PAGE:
Program helps homeless make lifestyle transition

The People and Congregations Engaged in Ministry organization has received state funds to start up a new program to help Charlottesville’s homeless community adjust from living in shelters to independent living.

“This is a program to help people stay in a shelter for four to six weeks at a time, then move to an apartment,” said Colleen Keller, Executive Director of PACEM. “Instead of putting them in a shelter for months, you put them in a house and work with them to make sure they don’t come back.”

To remain in the apartments the program participants have to adhere to several conditions, including maintaining a clean apartment and paying rent, Keller said.

“We check on them, and we give them someone to talk to, to see how to make a budget … and more,” Keller said. “We give them a network to talk to for help. When you leave a shelter you’re normally done, but here we are trying to help them move back into the community.”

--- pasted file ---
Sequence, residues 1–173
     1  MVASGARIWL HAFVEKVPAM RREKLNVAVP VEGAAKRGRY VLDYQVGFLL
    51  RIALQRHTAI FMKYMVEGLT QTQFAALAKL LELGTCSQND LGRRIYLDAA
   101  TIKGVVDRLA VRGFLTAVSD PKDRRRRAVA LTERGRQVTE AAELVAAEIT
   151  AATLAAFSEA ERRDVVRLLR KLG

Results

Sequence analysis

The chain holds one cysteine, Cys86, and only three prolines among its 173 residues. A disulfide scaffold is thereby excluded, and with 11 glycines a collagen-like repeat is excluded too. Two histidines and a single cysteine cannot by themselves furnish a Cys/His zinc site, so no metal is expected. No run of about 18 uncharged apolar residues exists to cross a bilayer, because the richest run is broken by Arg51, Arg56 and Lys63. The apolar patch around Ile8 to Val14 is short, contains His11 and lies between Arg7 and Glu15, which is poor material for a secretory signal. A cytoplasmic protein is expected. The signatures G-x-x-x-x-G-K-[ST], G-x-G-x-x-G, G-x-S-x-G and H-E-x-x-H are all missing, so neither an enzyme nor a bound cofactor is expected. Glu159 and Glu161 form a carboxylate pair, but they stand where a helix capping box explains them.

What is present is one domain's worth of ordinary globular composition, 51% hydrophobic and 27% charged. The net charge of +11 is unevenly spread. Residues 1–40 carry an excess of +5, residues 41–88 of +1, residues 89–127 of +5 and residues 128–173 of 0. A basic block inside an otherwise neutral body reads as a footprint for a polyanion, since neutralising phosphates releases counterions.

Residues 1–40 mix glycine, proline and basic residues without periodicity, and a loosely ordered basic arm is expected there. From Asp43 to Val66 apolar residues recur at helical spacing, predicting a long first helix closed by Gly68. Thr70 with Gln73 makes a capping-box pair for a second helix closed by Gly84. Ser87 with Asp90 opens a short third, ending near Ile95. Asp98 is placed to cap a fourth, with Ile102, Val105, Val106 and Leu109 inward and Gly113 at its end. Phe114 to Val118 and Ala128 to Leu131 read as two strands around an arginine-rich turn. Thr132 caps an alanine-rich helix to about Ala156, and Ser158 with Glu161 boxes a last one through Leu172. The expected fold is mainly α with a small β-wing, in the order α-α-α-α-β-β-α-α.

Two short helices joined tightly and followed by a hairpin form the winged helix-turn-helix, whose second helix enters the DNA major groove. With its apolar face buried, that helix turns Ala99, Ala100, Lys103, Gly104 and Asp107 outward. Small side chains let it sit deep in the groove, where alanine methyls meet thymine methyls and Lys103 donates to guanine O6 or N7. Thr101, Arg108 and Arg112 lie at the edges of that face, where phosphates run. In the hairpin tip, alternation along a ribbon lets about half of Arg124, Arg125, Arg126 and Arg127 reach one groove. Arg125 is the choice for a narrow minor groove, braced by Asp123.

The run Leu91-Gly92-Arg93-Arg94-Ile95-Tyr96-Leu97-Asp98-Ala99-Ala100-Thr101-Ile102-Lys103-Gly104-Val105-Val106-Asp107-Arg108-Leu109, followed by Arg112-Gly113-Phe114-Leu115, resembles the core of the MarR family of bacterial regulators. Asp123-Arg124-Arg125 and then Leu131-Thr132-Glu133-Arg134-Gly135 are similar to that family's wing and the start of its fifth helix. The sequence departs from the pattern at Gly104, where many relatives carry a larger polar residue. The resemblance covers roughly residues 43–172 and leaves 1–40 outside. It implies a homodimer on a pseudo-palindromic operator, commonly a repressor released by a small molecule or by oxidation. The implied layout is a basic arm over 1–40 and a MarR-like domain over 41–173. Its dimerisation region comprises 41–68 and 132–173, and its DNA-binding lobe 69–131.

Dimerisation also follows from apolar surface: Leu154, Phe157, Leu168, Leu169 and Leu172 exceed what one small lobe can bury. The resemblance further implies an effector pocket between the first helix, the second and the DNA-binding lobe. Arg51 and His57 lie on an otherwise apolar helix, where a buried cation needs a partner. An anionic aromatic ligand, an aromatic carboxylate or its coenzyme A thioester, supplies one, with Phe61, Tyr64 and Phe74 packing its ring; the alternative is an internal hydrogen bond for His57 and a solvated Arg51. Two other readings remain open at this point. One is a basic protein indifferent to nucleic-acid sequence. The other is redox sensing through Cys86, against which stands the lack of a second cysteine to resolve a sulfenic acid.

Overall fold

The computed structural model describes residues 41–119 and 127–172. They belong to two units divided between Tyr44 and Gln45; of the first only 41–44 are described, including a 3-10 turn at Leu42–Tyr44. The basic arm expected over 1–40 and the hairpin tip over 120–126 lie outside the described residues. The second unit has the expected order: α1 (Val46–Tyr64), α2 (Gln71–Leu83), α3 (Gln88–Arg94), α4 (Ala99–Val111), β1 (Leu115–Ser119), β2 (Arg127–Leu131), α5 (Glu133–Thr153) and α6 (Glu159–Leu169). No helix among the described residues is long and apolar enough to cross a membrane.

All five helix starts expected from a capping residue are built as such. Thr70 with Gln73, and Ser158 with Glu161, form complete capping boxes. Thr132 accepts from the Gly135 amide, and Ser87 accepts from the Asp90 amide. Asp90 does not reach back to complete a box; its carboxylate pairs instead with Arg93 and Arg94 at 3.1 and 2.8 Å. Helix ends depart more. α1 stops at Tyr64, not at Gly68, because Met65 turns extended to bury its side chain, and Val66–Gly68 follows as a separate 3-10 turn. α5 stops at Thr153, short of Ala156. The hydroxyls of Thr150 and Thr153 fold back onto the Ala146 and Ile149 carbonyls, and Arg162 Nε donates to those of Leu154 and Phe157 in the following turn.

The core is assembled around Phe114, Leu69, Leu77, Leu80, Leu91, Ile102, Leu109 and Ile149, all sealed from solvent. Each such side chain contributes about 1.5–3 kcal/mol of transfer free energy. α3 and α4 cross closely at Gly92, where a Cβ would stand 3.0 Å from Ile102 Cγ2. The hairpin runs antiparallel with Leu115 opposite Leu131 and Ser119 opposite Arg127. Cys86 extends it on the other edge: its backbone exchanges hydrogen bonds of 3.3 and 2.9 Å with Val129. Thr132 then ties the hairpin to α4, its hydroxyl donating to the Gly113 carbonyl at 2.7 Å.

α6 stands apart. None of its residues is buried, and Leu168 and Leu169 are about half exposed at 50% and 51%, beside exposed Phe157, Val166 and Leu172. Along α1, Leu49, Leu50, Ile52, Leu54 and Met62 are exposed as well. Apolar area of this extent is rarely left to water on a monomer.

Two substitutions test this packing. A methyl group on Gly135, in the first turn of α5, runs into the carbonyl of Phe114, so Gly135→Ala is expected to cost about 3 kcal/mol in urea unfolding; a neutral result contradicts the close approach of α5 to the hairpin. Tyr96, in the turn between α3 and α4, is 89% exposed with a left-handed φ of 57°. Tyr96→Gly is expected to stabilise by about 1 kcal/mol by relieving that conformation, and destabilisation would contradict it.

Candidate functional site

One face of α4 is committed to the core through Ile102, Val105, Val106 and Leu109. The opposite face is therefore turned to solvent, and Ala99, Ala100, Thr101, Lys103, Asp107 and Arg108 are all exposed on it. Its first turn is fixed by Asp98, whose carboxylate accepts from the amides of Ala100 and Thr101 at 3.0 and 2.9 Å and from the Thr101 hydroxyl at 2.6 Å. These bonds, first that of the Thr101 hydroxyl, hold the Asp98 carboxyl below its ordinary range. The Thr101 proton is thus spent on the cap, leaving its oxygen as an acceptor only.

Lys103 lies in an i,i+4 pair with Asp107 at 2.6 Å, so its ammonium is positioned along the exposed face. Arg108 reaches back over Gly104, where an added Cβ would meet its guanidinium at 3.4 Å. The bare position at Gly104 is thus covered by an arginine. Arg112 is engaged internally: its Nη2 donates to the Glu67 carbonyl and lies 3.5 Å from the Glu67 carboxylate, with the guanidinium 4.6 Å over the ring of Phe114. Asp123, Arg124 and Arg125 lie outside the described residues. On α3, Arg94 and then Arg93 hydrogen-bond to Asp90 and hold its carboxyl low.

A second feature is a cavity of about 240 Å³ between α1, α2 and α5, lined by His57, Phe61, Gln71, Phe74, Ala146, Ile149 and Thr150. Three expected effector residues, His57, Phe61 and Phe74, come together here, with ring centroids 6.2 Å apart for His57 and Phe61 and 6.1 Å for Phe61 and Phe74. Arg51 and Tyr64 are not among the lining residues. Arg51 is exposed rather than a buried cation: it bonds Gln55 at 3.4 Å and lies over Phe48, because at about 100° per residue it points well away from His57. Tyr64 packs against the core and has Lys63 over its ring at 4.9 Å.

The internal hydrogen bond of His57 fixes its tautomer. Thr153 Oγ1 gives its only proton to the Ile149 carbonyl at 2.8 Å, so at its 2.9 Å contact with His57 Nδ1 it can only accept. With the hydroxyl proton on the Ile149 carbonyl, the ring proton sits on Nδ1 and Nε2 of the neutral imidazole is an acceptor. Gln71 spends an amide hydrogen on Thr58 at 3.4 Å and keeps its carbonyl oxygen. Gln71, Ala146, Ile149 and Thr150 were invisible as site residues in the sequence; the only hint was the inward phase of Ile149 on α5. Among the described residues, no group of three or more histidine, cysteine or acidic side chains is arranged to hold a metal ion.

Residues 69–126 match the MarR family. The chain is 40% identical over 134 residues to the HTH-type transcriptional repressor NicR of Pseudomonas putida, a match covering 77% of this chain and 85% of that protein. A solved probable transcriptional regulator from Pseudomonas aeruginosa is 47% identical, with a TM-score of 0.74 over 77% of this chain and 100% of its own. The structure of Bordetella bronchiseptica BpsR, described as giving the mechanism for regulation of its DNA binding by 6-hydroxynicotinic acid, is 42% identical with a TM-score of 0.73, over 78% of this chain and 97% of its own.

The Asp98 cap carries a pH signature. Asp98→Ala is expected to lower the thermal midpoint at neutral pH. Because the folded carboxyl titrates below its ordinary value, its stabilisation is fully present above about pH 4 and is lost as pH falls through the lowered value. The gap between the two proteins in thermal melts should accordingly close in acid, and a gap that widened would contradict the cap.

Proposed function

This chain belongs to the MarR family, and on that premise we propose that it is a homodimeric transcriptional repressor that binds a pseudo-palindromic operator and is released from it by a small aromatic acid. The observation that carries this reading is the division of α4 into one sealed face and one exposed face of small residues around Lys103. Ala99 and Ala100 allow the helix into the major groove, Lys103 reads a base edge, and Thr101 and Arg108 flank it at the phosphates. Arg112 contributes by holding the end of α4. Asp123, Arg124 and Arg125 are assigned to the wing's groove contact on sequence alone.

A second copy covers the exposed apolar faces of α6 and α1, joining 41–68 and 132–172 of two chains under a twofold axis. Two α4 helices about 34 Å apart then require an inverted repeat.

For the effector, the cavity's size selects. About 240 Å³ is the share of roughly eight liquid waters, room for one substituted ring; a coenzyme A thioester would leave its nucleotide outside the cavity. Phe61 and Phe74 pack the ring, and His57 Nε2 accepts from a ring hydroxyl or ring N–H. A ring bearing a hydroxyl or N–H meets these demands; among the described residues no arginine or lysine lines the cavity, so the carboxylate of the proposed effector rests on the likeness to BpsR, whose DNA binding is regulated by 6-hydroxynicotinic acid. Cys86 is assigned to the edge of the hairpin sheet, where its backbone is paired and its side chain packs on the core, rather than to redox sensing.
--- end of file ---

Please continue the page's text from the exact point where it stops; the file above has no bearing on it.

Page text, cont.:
Although the program is relatively small at the moment, Keller said the program’s focus on long-term improvement has yielded promising results.

“We’ve helped five [homeless people], and we’re probably going to help five in the spring,” Keller said. “To give it perspective, we have 50 to 55 people in our shelters every night … If we could help 10 or 12 people [per year,] that will be incredible.”

—compiled by Andrew D’Amato

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